Our thoughts and beliefs are powerful. They shape the stories we tell ourselves in our head, and thus, shape our reality.
What happens when these stories create an interpretation that causes anxiety or depression? Well, anxiety and depression happen. Fear, worry, sadness; these things can be brought on by how we interpret the events happening in our lives.
Somebody critiques our work and it initiates thoughts about how our work isn’t good enough, how embarrassed we felt to have presented something of such low quality.
Maybe you make a mistake and this causes you to fail a task. A negative belief might be that you aren’t good enough to have ever thought you could succeed in the first place.
Note that it’s not the situations themselves that cause these negative feelings. It is our interpretation of them. Similarly, however, our positive emotions can be triggered by alternative stories we tell ourselves.
Positive emotions can be triggered by alternative stories we tell ourselves.
We get goosebumps and butterflies when a pretty girl or boy brushes their arm against our body and flashes a smile. We tell ourselves they’re interested in us. Even if the reality is that they did it on accident and smiled because they were embarrassed, the story we used in our heads elicited the emotions we felt.
If we find ourselves defaulting to negative interpretations, is there a way to combat this and change our default to something more powerful?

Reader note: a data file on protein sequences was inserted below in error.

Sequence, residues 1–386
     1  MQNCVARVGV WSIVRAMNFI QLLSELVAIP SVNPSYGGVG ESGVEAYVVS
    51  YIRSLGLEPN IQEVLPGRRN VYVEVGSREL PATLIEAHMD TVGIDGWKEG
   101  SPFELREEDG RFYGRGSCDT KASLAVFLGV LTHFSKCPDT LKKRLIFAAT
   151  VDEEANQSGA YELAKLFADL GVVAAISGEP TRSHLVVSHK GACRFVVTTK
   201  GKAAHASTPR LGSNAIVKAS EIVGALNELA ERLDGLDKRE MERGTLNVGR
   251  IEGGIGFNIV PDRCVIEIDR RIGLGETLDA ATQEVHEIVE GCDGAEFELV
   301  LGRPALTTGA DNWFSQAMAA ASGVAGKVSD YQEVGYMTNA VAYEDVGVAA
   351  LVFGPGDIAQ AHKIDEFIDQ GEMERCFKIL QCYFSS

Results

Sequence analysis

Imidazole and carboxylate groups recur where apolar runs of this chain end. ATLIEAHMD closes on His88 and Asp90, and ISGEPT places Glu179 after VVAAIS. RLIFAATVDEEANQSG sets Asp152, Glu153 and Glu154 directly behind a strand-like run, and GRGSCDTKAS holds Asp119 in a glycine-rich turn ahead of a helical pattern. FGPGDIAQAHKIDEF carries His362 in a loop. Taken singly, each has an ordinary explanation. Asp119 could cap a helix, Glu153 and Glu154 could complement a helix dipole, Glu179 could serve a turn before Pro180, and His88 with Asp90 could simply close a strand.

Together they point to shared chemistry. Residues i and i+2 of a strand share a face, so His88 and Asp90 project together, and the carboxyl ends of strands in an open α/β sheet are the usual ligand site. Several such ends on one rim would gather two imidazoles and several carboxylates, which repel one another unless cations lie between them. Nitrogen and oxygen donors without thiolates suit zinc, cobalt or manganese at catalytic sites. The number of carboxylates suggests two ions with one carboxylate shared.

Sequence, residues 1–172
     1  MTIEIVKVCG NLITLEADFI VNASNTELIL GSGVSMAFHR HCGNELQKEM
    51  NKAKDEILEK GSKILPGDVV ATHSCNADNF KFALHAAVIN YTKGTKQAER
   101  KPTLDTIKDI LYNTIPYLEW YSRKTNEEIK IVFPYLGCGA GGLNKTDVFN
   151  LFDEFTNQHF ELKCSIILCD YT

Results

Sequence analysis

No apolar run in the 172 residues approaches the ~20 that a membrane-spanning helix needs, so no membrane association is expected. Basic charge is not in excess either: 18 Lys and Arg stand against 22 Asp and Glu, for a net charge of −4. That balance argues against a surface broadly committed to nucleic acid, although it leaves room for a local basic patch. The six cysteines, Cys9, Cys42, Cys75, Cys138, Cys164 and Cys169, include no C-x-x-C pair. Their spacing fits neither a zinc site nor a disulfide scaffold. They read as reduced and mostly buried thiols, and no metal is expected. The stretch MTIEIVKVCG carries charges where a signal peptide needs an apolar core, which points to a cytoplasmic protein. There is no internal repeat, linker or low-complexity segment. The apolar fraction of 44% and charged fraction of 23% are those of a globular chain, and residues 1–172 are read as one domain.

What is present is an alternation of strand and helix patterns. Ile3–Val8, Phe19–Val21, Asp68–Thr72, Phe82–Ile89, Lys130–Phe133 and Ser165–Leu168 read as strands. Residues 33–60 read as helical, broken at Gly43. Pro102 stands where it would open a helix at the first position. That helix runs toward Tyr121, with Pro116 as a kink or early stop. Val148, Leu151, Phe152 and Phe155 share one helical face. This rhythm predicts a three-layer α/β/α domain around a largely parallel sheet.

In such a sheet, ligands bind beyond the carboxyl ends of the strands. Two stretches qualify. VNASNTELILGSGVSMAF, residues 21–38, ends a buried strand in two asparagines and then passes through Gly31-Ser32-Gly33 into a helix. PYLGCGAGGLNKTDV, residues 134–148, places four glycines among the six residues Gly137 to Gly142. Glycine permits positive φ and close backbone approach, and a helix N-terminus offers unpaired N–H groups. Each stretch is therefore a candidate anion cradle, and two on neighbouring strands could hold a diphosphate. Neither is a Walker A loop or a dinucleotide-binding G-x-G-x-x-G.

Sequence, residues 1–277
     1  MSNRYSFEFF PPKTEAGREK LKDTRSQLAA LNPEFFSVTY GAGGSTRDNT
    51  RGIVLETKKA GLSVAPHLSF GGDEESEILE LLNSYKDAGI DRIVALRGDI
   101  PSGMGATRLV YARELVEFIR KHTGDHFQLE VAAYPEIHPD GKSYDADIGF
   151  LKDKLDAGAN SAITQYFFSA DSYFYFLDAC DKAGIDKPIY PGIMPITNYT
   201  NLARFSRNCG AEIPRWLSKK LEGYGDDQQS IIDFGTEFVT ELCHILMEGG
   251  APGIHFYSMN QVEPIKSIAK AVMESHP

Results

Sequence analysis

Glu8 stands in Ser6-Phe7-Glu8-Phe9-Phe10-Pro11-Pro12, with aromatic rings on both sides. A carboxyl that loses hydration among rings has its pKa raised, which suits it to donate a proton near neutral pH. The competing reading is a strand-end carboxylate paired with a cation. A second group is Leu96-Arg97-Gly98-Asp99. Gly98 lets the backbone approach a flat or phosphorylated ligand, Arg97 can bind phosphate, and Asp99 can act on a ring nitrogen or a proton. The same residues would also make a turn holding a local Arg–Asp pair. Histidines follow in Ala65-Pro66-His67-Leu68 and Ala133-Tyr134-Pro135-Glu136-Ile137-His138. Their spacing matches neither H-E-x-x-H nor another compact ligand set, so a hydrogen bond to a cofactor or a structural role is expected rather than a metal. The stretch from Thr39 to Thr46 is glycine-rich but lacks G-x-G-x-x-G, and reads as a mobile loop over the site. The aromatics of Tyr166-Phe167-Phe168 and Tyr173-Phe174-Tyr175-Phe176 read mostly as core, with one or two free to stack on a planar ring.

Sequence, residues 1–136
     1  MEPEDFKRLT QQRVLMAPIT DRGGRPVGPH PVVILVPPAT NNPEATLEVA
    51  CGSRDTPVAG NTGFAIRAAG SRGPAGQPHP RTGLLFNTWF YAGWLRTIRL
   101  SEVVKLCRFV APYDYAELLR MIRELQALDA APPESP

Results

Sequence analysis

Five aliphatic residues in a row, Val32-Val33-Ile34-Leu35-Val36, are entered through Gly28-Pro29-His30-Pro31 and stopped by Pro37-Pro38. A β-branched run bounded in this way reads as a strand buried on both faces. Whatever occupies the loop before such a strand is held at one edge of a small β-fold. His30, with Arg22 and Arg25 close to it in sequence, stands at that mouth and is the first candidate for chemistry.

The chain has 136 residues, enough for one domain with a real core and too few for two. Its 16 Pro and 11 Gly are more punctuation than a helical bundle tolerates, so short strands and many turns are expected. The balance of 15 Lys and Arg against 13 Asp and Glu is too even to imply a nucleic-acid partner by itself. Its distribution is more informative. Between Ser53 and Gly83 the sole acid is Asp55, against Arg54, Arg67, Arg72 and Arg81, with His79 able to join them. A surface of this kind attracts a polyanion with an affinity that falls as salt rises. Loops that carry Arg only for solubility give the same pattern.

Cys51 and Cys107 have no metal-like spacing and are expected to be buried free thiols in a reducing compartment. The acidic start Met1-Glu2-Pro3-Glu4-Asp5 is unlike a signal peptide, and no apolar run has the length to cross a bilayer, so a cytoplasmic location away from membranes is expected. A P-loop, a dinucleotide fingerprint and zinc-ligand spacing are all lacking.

As it turns out, yes there is. It’s called Socratic Questioning and is a strategy commonly used in cognitive behavioral therapy (CBT). This form of therapy involves altering our belief structure so we begin to tell ourselves new stories about the events happening around us.
Socratic questions are designed to challenge your story, to see if it holds up to scrutiny or if it might be wrong. That’s the challenge with these mental stories, even though they are malleable we tend to take them as gospel. Socratic questions allow you to break free from that trap and alter your beliefs.
The exercise is simple. Take a recent scenario in your life that caused you some anxiety or other negative feeling. Then, ask yourself these questions:
- What’s the evidence that your thought is true?
- If you’re wrong, what’s another way of looking at the situation?
- If you’re right, what could you do about the situation?
- What advice would you give to a friend in the same situation?
- What should you do now?
Once you’ve completed answering each question honestly, do you notice anything different about the way you feel?
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